What is the course about?
The course explores the historical origins and social/cultural context of honouring the British war dead both during the conflict itself and between 1919-1939. It considers the various forms of memorialisation and the debates over who should be remembered and how together with the background to the Great Silence, The Tomb of the Unknown Warrior and other ways of remembering including museums and battlefield pilgrimages.
This is a live online course. For more information please see our guide to online learning.
We will contact you with joining instructions before your course starts.
What will we cover?
Remembering the British war dead, 1815-1914: an outline history
Remembering the British war dead, 1914-1919; origins of the Imperial/Commonwealth War Graves Commission
Memorialisation at national level: the background to The Cenotaph, Great Silence and Tomb of the Unknown Warrior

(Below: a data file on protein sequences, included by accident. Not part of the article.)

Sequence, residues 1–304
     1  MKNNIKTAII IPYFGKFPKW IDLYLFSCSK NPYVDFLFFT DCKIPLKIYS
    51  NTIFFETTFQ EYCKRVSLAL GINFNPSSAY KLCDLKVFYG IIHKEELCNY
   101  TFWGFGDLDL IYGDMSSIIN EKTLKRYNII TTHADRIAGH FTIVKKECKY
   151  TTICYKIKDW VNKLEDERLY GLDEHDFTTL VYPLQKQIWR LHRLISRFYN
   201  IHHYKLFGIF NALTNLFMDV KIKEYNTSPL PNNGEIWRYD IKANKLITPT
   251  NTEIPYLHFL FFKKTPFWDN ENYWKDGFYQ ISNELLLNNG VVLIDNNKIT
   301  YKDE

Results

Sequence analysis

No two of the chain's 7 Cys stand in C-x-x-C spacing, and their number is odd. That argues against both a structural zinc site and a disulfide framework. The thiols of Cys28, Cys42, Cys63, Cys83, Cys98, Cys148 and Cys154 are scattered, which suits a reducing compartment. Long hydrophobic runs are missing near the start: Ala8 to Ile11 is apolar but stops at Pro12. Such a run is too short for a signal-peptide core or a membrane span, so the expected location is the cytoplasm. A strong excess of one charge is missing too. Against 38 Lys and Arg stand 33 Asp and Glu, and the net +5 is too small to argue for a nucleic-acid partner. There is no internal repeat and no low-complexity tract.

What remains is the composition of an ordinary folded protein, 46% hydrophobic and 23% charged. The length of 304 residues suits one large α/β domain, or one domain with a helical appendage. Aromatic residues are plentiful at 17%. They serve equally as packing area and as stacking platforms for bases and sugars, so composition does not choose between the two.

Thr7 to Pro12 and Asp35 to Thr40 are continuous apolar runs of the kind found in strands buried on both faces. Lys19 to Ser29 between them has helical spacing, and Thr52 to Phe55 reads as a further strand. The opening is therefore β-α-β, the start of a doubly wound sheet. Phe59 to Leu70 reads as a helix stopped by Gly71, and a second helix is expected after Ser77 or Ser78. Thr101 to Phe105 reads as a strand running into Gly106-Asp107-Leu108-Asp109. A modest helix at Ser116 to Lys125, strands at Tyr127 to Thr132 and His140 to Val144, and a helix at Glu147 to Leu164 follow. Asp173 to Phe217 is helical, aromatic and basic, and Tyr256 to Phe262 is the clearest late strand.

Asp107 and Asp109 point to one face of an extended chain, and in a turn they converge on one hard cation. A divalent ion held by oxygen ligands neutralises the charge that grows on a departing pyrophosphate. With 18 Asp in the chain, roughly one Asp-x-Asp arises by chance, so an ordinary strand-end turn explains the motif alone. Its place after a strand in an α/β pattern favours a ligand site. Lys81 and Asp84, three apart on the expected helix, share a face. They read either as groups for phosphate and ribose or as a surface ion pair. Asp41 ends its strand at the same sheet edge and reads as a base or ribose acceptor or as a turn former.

Memorialisation (and related debates) at local/specialist level; the making of the (Royal) British Legion and rise of the poppy; inter-war controversies
Remembering the war (dead): museums and battlefields.
What will I achieve?
By the end of this course you should be able to...
The changing and more comprehensive nature of remembering the war dead because of the Great War; how religious and wider cultural forces shaped the forms which war memorials took; the background to the rituals and traditions associated with Remembrance; other tangible forms of Remembrance.
What level is the course and do I need any particular skills?
The course is open to all with an interest in the subject. No prior knowledge is required.
How will I be taught, and will there be any work outside the class?
The course will be delivered through a mixture of formal input and discussion with student participation encouraged. No work outside class is required.
Are there any other costs? Is there anything I need to bring?
Pen and paper for any optional note taking.
When I've finished, what course can I do next?
You might be interested in HRS12 - 'Pursuing other ways': the birth of Britain as a modern, multi-faith society.